The Acropolis Museum is a good way to add more to your understanding of the site (and take some respite from the heat), but it is not a have-to. Also good to know, you can get through the museum very quickly, if you are pressed for time and it has a lovely covered terrace with amazing views.
You can easily walk down the mountain and make your way over to The Temple of Zeus. After running around on the grass, my kids found two enormous tortoises and followed them around while we photographed the Corinthian columns. From here, its a 20 minute walk to Syntagma Square where you can see the Changing of the Guard once an hour. There is also free wifi in Syntagma Square in case you want to upload your time-laps photo of the pageant.
National Archaeological Museum
This is one of the most amazing museums, it is filled with Greek and Roman sculpture. The museum is arranged in a way that you can get really close and investigate the skill and artistry, you can get inches away from the reliefs to investigate the details, the layering while also stepping back and taking in an entire gallery. If you can make it to the Archaelogical Museum, make sure you go!
Mount Lycabettus is located just above the Kolonaki neighbourhood and rises into the middle of Athens. The views from Lycabettus are grand and worth every effort to get there. You can walk up or take a taxi up and walk the rest of the way. Alternatively, you can take a ride on the Lycabettus Funicular, and ride up on the mountain train, which costs about €5 per person.
Once on top of the mountain, there is a full service restaurant. We were still walking off a late lunch and opted for cold beverages before making our way back down.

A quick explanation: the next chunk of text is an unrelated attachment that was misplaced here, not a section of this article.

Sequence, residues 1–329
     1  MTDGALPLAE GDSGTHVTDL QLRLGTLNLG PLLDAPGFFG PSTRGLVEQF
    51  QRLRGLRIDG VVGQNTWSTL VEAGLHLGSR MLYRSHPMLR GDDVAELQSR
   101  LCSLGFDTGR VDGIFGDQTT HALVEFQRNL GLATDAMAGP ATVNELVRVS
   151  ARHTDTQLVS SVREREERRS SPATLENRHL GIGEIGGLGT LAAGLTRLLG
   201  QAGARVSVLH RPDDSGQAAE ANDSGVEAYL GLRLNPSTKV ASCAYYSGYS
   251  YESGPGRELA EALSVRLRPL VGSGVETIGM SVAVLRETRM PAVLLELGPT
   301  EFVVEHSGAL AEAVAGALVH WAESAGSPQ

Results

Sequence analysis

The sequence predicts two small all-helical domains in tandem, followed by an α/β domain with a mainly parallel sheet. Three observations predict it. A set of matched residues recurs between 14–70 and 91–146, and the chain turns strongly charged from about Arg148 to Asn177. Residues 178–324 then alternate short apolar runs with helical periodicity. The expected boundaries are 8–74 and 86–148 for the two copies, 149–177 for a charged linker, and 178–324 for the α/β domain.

Kolonaki is a neighbourhood filled with art galleries, it is just lovely to walk through. We had the good fortune to be welcomed into Apostolos Chantzaras’s studio just next to the Funicular. His work is bold, colourful and incorporates Greek gods alluding to Minoan themes in playful images reminiscent of Chagall – it is very beautiful and enjoyable artwork. Check out Apostles Chantzara’s to learn a bit more. If you can’t make it to Kolonaki, his work will be at the Affordable Art Fair in Battersea this October.
Our kids loved The War Museum; my 7 year old son in particular loved all the different weaponry displayed. The guns, flame throwers, swords from Greece and other countries thrilled the children. The exhibit on WW2 and the resistance movement included a gun that was made to look like a walking stick, amongst other relics. The museum did a very good job of explaining Turkey’s invasion of Cypress. The museum is not particularly hands-on, but if the kids tired of antiquities its a very interesting change of pace as it is a visually exciting museum, particularly for little boys.
Another great side trip from Athens, a much easier than Delphi, is to go to the island of Aegina. Aegina is a little more than an hour (or 40 minutes via more expensive service) for roughly €16 return. The island boasts some fabulous archaeological sights. Just near the port is the Hill of Kolona where prehistoric ruins have been excavated next to the Temple of Apollo. My kids loved this site as they could actually climb on the ruins.
The Temple of Aphea, located on the other side of the island, is outstanding. This temple is one of the few remaining that have an inner and outer set of pillars; it also incorporates a two-storied colonnade. The temple overlooks the Aegean sea and is surrounded by pine forests – it is just spectacular. To get there you can take a taxi from the port and negotiate a price to wait for you at the site, or you can check the infrequent bus service and take the bus. You can rent a car for a modest fee, too.
The last thing we did on the island was spend the afternoon on the beach at Marathonas there is a cafe near-by. We took a taxi out and the driver gave us his number and offered to come and collect us to get the fairy back to Athens.Tweet